Crisis Leadership & Game Time Decisions
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As the economy became increasingly unsteady, companies started to put off expenditures related to crisis planning and team preparedness.
Is it worth it though?
According to the Federal Emergency Management Agency, 40 percent of businesses do not reopen after a disaster and another 25 percent fail within one year. Unfortunately, even with these statistics and recent natural disasters, businesses are still rolling the dice.
Its time to put the crisis top hat back on and ensure your staffing company is prepared.
Start with what you know. Take a hard look at what crises, both large and small, have affected your industry over the past ten years. History is a solid predictor of the future, so as you begin to analyze your risks, you must address what has already happened. Then, take into consideration what can happen to any company at any time - the sudden death of a valuable employee, natural disaster, workplace violence and of course, terrorism.
After considering what could happen, look at what you already have in place to respond to these incidents. Again, start with what you know. What plans already exist? Who, internally, would be involved on a crisis management team to help your people? Has the team been trained and tested in addressing the myriad complex people-related issues?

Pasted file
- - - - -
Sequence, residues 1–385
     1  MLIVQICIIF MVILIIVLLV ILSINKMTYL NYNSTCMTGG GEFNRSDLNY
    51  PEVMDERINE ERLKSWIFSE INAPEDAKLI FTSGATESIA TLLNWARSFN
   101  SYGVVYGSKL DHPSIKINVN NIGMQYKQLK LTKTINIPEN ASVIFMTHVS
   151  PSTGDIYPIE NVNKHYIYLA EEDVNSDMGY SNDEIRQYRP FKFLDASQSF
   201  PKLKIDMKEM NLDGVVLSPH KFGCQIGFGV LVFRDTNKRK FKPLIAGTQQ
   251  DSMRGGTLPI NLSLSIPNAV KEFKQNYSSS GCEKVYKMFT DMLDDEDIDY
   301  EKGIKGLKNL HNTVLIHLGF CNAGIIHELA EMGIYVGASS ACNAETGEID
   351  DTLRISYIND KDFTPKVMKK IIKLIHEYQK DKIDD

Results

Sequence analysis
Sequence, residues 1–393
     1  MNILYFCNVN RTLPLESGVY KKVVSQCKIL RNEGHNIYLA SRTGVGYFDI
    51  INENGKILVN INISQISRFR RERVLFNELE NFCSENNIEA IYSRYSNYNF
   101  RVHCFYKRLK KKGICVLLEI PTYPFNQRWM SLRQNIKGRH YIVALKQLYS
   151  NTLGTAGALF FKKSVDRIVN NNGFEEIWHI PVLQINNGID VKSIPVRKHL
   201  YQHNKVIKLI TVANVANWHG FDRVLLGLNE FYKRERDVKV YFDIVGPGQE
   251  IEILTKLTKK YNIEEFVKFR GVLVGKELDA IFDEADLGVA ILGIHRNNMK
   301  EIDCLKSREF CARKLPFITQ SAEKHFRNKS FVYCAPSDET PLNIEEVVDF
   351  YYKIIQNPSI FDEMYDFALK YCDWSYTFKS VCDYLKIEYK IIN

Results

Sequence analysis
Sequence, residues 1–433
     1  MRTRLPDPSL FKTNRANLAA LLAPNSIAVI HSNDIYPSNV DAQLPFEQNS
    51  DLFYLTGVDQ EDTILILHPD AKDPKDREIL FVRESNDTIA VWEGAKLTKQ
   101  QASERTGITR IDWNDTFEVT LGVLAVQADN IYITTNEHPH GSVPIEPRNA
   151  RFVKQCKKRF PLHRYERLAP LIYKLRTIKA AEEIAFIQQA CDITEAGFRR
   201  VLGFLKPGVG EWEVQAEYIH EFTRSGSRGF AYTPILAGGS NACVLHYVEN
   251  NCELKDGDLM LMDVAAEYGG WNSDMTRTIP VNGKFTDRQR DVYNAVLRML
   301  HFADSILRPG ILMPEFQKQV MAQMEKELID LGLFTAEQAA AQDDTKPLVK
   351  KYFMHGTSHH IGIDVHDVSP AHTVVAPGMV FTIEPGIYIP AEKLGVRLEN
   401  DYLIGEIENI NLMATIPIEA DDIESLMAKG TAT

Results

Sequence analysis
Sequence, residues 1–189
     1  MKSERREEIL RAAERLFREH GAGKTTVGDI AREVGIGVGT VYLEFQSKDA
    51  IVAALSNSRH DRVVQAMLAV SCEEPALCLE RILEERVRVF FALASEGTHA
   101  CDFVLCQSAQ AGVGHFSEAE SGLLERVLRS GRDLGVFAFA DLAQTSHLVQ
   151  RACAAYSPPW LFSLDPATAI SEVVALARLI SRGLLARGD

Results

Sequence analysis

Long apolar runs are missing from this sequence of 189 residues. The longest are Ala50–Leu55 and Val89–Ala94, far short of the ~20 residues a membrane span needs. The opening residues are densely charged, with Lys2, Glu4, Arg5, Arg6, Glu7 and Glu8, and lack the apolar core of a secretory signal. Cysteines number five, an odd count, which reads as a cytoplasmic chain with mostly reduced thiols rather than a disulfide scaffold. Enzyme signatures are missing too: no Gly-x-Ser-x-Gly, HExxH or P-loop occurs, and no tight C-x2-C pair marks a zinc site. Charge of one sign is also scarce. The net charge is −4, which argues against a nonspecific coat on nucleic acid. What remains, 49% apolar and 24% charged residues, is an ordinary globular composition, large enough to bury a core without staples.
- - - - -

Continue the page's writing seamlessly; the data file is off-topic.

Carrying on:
At the heart of any crisis response are strategic decisions that will serve as defining moments. These strategic decisions have the power to bring you and your organization toward a swift, successful resolution, or they can spiral out of control and increase damage.
Most crisis preparedness is focused at the tactical level, such as:
- Emergency Response Notifications
- Accommodating Media
Leadership in unexpected crises (involving high visibility, inadequate time and information, personal stress, and high velocity developments) can require advanced skills and capabilities beyond daily activities.
Check out a replay of Bruce Blythe (an internationally acclaimed crisis management expert with personal involvement in crises such as the Oklahoma City Bombing, 9/11 and Hurricane Katrina) discussing strategic decision making in a crisis during an Assurance University webinar.
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